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3 tips of positive and negative reinforcement in eLearning

3 tips of positive and negative reinforcement in eLearning

With the pandemic restructuring education around the world, eLearning has become a trend for both kids and adults. For us as educators, it’s both good news and bad news. On the one hand, both educators and learners could benefit from accelerated educational innovations which are specifically designed to improve effective learning and 24/7 access to educational resources. On the other hand, educators, especially those new to online environments may find it challenging to apply strategies we use in a physical space to engage learners in an online classroom.  

What are positive and negative reinforcement in eLearning? 

 Positive reinforcement refers to the teacher’s behaviors of adding something that increases the learner’s response. For example, a teacher gives praise or positive feedback on the learner’s performance of a task with specific examples of what the learner did well. As a result, the learner is encouraged to continue using that language correctly.  

On the other hand, negative reinforcement means the teacher removes something the learners don’t enjoy as a reward for positive behaviour, which also increases the expected learner response. For instance, a teacher reduces some or all homework for students who hand in their last homework on time. The students are highly likely to continue to complete their homework in a timely manner as they are encouraged by the removal of it. While positive reinforcement is widely agreed to have a positive impact on student engagement and learning in the classroom, negative reinforcement strategies are usually less known as people think it can lead to a decrease in learner motivation and engagement; but I have found some working well in my experience. 

1. Repeating lesson aims and rewarding students who stay committed to them is an often-missed area that could receive positive reinforcement. One common mistake that I made when I first started teaching online was to assume my learners knew what we would do in our classroom and why we were doing it. I would start teaching or practicing right after a short warm-up. Soon I found my learners asking questions off-topic or not related to the aim of the lesson or using their prior knowledge to complete a task rather than using what they have learned and practiced in that lesson.

In an online classroom, a variety of tools can help you and the learners focus on the aim and be engaged.

  • You can highlight the lesson objectives with a drawing tool or use some symbols while you walk your learners through them.
  • Using some visual materials like a picture or a video to encourage your learners to predict the target language or situations to apply them can also be a good idea.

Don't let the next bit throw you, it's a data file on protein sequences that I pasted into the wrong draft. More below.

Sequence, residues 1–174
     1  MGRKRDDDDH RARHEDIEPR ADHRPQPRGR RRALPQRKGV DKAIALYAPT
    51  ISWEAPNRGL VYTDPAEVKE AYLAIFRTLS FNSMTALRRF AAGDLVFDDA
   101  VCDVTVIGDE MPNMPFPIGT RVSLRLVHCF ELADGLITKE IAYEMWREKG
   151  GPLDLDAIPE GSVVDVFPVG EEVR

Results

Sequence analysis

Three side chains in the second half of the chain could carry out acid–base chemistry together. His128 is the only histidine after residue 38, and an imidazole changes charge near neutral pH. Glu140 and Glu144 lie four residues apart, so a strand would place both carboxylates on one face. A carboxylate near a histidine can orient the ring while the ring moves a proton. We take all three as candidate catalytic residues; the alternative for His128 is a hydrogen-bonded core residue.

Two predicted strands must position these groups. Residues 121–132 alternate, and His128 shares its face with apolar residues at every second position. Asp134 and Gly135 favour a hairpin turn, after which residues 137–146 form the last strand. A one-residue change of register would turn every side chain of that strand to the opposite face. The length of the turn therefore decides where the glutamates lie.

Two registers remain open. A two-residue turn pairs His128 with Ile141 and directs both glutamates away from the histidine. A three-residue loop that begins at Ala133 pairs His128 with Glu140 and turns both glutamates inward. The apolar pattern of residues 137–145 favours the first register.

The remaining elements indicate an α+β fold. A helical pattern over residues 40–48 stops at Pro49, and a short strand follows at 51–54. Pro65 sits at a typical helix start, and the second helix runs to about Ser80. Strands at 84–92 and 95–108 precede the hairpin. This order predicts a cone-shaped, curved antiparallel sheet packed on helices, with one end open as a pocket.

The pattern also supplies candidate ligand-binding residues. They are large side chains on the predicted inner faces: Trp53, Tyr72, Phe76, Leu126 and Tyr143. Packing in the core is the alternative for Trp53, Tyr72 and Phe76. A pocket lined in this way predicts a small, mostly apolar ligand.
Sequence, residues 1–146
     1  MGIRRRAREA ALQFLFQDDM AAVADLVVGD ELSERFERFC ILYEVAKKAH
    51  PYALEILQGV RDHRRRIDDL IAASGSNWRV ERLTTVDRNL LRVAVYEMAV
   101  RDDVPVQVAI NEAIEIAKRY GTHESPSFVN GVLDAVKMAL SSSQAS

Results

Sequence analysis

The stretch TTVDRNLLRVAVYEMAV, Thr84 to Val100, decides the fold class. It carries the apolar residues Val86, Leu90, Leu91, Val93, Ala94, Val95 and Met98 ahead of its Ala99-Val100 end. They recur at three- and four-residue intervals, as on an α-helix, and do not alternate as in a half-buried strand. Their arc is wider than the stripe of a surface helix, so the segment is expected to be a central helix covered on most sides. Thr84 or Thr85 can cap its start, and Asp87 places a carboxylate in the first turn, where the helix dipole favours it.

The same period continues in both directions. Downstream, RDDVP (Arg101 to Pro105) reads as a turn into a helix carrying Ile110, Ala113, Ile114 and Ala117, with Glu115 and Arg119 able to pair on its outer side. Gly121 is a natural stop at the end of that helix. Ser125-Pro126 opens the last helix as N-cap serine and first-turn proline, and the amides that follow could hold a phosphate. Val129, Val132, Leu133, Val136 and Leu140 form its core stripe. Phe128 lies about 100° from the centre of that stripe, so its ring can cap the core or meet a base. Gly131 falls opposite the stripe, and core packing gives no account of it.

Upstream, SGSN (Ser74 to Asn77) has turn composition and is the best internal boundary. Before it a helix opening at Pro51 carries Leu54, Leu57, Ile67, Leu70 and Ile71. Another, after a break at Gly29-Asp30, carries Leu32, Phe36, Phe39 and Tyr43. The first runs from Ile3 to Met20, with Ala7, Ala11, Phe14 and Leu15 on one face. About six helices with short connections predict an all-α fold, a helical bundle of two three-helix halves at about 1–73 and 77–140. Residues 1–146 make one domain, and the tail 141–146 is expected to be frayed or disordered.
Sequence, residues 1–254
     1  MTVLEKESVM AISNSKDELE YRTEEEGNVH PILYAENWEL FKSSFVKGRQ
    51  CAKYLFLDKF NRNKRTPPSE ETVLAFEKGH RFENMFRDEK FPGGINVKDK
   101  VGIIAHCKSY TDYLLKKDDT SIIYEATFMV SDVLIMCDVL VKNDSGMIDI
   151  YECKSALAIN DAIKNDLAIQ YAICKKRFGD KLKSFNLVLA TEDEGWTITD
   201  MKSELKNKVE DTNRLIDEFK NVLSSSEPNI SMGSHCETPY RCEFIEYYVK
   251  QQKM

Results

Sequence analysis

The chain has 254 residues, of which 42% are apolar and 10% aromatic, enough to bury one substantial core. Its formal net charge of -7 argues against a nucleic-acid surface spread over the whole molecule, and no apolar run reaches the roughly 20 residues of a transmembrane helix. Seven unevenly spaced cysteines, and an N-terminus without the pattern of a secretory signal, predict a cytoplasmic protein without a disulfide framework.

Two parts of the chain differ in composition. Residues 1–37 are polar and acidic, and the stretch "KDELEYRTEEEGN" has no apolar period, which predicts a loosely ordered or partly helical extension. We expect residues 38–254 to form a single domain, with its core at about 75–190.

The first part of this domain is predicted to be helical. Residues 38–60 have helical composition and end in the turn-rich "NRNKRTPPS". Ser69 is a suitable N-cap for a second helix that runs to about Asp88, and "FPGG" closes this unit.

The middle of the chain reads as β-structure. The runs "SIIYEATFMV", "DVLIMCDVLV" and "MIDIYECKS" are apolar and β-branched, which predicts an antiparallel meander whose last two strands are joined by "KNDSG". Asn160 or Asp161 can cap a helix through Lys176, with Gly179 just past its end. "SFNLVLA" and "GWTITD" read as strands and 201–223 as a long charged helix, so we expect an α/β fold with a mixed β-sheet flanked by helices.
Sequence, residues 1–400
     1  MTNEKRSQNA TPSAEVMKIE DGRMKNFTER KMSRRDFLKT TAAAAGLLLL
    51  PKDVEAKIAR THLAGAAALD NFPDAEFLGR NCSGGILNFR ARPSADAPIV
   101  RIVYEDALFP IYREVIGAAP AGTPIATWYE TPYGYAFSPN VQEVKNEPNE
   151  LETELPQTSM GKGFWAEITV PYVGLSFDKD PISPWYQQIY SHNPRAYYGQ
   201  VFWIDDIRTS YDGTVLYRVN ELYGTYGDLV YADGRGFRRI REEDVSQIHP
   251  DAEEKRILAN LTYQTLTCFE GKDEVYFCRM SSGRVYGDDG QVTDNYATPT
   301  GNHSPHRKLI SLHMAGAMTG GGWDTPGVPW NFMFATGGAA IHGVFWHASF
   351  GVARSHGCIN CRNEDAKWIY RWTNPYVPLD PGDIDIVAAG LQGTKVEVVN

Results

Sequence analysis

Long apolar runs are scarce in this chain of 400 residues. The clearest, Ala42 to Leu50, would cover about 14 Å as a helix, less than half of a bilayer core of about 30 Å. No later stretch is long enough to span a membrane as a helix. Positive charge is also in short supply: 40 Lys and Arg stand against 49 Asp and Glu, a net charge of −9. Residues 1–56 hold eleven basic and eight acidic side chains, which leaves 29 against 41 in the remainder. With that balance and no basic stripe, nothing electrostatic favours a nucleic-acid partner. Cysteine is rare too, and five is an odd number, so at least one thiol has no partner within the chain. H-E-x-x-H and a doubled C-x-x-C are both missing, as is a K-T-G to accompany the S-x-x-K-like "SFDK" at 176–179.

• Use a note box or something similar to provide a written form of the aims and target language, so you and the learners can always refer back to them.
  • Reward the learner(s) with e-stickers, emojis, or other similar tools when they use the correct language.

2. The importance and benefits of using praise and positive feedback on the learners’ performance cannot be overemphasized.
However, praise is more effective with evidence of specific learner behavior. If learners hear generic praise like ‘great job’ and ‘well done’ they won’t know exactly what they should repeat.
In comparison, evidence-based praise would be something like, ‘Julie, I hear you used this phrase correctly on the second try which is a good improvement for you. And Lillian, you rephrased your questions so your partner can understand you. Rephrasing is an important skill for communication.’ Learners understand what they did well and why they should continue doing so.

3. An additional example of negative reinforcement would be to cancel a part of a normal class routine that learners don’t enjoy that much. For example, a quiz, or recitation and dictation which is still quite popular in local public schools in my region.
Adult learners, compared to the stress of homework or tests, might feel more pressure from making mistakes in a lesson. Negative reinforcement for them could be to remove the chance or the feeling of being embarrassed about mistakes they made, especially if it’s in front of a group. In group settings, what we can try is to pair them up and send them into separate rooms for peer correction and feedback. In a 1 on 1 lesson, we can encourage self-correction from the learner and ask them why, instead of telling them what is wrong. The reward the learners get is obvious. They develop a habit of self-assessment and engage with their peers in the online classroom.   


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